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Monolithic kernel

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Structure of monolithic kernel, microkernel and hybrid kernel-based operating systems

A monolithic kernel is an operating system architecture with the entire operating system running in kernel space. The monolithic model differs from other architectures such as the microkernel[1][2] in that it alone defines a high-level virtual interface over computer hardware. A set of primitives or system calls implement all operating system services such as process management, concurrency, and memory management.

Device drivers can be added to the kernel as modules.

Monolithic architecture kernel examples: Unix (including Linux), MS-DOS, Windows 9x.

Loadable modules[edit]

Modular operating systems such as OS-9 and most modern monolithic operating systems such as OpenVMS, Linux, BSD, SunOS, AIX, and MULTICS can dynamically load (and unload) executable modules at runtime.

This modularity of the operating system is at the binary (image) level and not at the architecture level. Modular monolithic operating systems are not to be confused with the architectural level of modularity inherent in server-client operating systems (and its derivatives sometimes marketed as hybrid kernel) which use microkernels and servers (not to be mistaken for modules or daemons).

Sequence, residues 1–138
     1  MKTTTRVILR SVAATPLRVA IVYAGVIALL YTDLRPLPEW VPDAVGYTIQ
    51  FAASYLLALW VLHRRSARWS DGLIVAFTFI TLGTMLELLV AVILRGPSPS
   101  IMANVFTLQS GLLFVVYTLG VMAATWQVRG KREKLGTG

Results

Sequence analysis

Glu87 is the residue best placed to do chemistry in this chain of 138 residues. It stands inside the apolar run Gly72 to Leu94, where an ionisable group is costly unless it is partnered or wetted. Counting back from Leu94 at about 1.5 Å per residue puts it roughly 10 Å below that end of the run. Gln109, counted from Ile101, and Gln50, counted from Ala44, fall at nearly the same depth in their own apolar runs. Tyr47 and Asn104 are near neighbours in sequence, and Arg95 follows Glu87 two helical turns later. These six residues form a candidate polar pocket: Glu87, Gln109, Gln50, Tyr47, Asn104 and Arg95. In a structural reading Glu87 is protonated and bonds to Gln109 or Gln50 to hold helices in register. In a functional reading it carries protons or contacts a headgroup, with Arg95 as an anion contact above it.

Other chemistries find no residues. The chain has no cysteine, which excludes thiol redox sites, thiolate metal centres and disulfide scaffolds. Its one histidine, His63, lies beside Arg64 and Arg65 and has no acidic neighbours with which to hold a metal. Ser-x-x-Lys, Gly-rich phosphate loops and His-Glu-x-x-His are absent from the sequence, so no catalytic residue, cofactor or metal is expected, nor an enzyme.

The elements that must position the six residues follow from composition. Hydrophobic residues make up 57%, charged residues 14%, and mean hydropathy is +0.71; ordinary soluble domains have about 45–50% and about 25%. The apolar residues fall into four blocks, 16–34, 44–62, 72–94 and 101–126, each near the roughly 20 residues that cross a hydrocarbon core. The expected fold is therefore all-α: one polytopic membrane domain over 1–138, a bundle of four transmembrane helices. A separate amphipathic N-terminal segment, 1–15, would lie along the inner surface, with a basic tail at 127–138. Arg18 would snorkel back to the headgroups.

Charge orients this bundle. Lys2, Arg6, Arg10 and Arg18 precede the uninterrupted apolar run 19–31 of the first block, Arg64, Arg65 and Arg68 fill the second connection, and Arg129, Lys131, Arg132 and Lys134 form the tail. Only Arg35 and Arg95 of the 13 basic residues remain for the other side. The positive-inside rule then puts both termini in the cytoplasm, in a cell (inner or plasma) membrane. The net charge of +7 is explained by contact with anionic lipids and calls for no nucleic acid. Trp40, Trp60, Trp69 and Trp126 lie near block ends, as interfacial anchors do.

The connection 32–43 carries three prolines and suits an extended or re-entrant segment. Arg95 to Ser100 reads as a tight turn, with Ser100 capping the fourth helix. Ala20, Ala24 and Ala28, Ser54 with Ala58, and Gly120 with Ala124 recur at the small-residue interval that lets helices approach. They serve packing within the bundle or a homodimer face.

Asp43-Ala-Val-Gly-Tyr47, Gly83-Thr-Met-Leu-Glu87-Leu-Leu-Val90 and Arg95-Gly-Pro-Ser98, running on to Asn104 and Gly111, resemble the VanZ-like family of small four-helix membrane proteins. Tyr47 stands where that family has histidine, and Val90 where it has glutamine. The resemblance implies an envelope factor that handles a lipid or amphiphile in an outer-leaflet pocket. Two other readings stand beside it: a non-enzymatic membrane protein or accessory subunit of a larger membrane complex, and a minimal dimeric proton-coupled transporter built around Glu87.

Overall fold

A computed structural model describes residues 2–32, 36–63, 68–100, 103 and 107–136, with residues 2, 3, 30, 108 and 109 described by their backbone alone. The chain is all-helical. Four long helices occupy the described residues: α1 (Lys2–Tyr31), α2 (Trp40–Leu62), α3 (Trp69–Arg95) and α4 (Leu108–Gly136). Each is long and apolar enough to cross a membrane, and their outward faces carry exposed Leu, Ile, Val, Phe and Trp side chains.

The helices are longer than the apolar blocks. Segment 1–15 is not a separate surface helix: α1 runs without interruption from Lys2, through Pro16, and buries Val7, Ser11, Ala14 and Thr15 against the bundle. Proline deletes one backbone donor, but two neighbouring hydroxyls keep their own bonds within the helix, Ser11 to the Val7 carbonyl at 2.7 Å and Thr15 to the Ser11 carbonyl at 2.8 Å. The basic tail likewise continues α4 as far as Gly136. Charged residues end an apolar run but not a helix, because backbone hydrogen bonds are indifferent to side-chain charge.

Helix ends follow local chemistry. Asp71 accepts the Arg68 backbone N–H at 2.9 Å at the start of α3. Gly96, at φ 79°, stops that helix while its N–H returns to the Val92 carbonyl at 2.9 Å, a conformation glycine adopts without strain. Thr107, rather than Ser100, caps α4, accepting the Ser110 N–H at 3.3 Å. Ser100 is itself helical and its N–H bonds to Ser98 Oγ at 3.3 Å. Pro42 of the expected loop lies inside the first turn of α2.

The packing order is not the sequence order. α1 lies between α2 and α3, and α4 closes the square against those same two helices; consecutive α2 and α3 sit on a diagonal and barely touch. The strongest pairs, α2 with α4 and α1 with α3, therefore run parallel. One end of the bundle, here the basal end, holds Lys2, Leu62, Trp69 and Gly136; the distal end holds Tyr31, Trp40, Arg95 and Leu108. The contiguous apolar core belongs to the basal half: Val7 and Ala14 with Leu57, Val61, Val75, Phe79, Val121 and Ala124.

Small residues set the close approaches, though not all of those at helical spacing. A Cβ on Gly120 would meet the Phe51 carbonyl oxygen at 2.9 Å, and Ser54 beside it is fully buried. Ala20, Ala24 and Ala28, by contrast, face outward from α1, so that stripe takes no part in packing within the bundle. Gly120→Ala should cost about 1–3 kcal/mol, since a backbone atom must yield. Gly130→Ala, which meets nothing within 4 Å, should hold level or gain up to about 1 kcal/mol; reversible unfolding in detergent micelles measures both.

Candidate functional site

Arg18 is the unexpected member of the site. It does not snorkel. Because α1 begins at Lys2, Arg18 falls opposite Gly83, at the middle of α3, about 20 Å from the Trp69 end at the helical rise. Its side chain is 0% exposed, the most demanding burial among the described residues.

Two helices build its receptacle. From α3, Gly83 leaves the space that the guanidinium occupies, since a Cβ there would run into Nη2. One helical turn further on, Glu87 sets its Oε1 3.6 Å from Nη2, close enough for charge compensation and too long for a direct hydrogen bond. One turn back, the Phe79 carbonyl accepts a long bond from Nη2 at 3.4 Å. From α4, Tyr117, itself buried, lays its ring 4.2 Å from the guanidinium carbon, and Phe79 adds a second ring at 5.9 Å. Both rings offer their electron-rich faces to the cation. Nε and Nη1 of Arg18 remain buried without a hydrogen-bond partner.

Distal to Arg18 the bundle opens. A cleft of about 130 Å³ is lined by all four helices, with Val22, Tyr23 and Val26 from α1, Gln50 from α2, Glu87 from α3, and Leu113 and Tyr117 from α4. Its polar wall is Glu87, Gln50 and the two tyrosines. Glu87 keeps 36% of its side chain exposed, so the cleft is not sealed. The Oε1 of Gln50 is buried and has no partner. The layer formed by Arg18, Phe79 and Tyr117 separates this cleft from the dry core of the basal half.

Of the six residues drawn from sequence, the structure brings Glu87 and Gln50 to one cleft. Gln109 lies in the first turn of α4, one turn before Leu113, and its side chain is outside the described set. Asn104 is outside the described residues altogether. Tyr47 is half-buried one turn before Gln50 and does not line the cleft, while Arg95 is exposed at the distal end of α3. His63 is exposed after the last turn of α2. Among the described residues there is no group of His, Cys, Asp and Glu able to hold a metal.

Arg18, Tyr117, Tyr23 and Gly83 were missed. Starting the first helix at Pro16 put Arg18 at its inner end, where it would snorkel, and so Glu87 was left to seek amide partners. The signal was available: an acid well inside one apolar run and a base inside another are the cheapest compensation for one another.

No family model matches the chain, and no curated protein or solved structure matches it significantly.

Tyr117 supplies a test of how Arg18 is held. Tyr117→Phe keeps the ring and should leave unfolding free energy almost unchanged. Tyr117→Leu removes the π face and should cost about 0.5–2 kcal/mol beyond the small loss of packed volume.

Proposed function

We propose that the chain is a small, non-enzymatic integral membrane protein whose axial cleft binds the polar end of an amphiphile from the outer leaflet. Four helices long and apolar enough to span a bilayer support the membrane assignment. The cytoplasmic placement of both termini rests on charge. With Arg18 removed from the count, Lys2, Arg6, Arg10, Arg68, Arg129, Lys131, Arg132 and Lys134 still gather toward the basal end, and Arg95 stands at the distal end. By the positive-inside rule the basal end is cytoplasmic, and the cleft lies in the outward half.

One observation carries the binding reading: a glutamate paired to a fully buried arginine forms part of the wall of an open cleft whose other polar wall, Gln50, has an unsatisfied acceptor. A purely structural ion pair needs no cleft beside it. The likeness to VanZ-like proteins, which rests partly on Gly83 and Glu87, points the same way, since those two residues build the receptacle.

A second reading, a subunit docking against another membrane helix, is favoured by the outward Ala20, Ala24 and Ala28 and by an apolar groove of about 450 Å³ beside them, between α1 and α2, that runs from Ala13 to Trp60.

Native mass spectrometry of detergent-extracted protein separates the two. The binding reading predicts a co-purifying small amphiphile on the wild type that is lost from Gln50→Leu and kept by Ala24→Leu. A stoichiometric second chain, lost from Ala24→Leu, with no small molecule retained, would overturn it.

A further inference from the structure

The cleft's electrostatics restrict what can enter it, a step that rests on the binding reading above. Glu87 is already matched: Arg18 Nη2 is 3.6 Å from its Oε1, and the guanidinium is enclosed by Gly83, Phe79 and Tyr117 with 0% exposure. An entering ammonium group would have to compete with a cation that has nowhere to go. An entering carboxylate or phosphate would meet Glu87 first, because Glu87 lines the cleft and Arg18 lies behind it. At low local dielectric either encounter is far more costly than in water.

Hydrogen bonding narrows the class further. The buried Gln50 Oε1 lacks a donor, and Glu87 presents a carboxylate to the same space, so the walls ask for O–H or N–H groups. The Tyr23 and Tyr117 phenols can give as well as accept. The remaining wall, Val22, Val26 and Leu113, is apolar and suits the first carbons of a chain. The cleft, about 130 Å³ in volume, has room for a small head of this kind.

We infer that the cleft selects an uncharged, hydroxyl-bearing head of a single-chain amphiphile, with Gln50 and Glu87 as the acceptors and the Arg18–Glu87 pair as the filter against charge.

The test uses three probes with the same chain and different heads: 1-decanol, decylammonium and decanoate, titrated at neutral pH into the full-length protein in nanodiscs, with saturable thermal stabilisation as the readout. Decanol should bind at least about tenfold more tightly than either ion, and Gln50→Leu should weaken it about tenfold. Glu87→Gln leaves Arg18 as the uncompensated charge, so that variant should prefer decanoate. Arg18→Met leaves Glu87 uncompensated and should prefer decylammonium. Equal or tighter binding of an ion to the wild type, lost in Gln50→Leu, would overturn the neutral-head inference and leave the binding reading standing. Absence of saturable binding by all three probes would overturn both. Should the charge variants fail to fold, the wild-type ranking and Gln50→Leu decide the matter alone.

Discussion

Practically speaking, dynamically loading modules is simply a more flexible way of handling the operating system image at runtime—as opposed to rebooting with a different operating system image. The modules allow easy extension of the operating systems' capabilities as required.[3] Dynamically loadable modules incur a small overhead when compared to building the module into the operating system image.

However, in some cases, loading modules dynamically (as-needed) helps to keep the amount of code running in kernel space to a minimum; for example, to minimize operating system footprint for embedded devices or those with limited hardware resources. Namely, an unloaded module need not be stored in scarce random access memory.

See also[edit]


  1. ^ "Modular system programming in Minix3" (PDF).
  2. ^ "Server-Client, or layered structure" (PDF). The Design of PARAS Microkernel. Archived from the original (PDF) on 17 July 2010. Retrieved 15 July 2009.
  3. ^ "Kernel Definition".